Upon its extreme end grew a tree of singular form and foliage. It was not a large tree, and its branches drooped downwards until their tips almost touched the water. The pendulous boughs, and long lanceolate silvery leaves, rendered it easy to tell what sort of tree it was. It was the weeping or Babylonian willow—so-called, because it was upon trees of this species that the captive Jews hung their harps when they “sat and wept by the streams of Babel.” This beautiful tree casts its waving shadow over the streams of South Africa, as well as those of Assyria; and often is the eye of the traveller gladdened by the sight of its silvery leaves, as he beholds them,—sure indications of water—shining afar over the parched and thirsty desert. If a Christian, he fails not to remember that highly poetical passage of sacred writing, that speaks of the willow of Babylon.

Now the one which grew upon the little peninsula had all these points of interest for little Trüey—but it had others as well. Upon its branches that overhung the water a very singular appearance presented itself. Upon these was suspended—one upon the end of each branch—a number of odd-shaped objects, that hung drooping down until their lower ends nearly rested upon the surface of the water. These objects, as stated, were of a peculiar shape. At the upper ends—where they were attached to the branches—they were globe-shaped, but the lower part consisted of a long cylinder of much smaller diameter, and at the bottom of this cylinder was the entrance. They bore some resemblance to salad-oil bottles inverted, with their necks considerably lengthened; or they might be compared to the glass retorts seen in the laboratory of the chemist.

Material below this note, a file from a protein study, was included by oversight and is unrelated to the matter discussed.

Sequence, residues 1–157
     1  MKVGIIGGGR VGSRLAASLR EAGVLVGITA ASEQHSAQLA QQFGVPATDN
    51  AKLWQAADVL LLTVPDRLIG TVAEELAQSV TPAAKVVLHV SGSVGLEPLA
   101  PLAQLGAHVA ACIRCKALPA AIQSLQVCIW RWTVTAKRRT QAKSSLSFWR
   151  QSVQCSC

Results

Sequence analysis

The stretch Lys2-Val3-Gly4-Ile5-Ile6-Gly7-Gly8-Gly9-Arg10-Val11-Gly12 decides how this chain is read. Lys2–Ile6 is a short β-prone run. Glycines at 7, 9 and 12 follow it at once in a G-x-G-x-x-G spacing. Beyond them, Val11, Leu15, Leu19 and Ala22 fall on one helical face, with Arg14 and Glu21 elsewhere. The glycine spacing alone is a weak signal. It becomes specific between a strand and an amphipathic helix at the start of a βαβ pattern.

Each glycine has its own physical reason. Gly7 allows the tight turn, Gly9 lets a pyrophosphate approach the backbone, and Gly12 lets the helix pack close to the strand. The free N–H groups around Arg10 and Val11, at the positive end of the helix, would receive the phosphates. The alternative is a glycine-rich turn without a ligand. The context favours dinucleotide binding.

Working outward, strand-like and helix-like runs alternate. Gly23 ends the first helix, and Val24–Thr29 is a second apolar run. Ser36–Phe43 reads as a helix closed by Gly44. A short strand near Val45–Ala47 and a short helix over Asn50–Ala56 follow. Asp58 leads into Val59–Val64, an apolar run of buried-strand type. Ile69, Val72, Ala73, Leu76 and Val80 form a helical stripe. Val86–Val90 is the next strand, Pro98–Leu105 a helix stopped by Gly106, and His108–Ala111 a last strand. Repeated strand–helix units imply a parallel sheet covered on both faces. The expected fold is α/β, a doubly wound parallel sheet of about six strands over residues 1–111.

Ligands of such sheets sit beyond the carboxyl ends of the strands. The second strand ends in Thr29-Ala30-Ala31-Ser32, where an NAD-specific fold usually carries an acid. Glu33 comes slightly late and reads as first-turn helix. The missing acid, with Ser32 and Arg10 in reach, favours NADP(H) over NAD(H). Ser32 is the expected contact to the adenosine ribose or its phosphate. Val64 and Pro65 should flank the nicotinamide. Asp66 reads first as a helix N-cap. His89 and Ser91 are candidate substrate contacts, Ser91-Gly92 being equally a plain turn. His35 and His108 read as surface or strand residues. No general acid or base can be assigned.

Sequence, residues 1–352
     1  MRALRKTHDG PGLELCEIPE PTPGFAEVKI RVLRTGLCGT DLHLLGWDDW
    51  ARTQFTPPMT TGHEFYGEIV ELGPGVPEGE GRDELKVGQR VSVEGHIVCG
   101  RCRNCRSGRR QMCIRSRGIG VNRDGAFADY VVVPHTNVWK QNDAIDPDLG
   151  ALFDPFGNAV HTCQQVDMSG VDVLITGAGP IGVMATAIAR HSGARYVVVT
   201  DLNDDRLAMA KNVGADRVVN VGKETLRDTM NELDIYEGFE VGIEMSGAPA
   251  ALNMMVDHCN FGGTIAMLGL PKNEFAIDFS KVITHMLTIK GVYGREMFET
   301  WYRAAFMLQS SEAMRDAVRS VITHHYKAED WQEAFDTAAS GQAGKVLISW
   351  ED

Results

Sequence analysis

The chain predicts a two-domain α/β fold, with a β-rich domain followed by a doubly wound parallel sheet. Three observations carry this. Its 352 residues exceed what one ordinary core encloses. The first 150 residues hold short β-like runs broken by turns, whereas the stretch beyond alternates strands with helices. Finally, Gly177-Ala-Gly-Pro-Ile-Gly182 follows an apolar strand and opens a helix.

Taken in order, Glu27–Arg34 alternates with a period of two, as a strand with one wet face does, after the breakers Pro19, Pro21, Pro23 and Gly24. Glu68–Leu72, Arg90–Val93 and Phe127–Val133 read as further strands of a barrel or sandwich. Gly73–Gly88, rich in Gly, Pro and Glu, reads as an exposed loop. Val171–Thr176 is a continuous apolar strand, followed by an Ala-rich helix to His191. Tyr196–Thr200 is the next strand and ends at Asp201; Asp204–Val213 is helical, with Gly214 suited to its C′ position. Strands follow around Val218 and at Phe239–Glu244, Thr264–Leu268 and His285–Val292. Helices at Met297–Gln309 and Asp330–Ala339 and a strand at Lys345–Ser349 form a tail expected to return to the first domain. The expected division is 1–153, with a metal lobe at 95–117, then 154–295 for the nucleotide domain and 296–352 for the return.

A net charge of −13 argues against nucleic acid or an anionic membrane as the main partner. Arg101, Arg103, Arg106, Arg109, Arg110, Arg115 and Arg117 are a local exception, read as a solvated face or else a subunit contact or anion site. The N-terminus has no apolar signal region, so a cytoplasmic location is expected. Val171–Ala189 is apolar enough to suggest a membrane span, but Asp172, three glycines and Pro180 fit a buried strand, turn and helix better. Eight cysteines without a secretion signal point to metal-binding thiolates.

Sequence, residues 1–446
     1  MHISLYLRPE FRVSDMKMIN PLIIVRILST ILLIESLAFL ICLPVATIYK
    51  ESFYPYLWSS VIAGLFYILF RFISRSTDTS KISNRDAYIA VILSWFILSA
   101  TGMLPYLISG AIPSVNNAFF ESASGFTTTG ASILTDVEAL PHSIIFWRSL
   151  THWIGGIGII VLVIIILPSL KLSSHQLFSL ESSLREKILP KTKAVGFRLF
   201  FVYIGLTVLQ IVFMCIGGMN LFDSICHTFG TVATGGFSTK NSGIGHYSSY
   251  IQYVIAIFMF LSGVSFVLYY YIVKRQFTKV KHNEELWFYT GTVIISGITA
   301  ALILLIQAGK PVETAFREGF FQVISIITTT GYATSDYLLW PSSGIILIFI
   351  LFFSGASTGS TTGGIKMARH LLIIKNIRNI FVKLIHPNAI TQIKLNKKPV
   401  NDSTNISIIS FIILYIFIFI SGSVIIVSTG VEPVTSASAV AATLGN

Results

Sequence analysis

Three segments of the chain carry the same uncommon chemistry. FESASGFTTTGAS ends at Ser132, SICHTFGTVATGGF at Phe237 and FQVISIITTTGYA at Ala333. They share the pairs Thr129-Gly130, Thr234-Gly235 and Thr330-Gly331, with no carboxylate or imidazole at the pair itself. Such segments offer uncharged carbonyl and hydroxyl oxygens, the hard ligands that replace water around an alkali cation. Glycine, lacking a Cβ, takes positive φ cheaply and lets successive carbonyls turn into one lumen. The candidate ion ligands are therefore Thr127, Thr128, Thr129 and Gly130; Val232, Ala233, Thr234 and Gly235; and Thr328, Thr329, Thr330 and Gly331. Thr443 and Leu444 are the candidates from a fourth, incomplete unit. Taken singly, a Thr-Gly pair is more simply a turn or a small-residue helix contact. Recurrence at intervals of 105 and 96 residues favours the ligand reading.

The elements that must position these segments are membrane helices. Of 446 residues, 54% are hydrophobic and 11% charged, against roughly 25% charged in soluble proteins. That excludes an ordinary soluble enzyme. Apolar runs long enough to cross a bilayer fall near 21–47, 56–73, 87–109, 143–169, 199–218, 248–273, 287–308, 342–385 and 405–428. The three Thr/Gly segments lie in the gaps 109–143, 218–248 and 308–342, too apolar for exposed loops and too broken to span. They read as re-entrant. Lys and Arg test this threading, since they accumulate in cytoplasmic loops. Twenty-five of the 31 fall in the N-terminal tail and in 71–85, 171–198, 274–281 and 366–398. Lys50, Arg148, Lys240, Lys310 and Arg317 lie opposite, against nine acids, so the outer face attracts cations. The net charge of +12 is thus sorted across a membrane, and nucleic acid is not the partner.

They were each twelve or fifteen inches in length, and of a greenish colour—nearly as green as the leaves of the tree itself. Were they its fruit?

No. The weeping-willow bears no fruit of that size. They were not fruit. They were nests of birds!

Yes; they were the nests of a colony of harmless finches of the genus Ploceus,—better known to you under the appellation of “weaver-birds.”

I am sure you have heard of weaver-birds before this; and you know that these creatures are so-called on account of the skill which they exhibit in the construction of their nests. They do not build nests, as other birds, but actually weave them, in a most ingenious manner.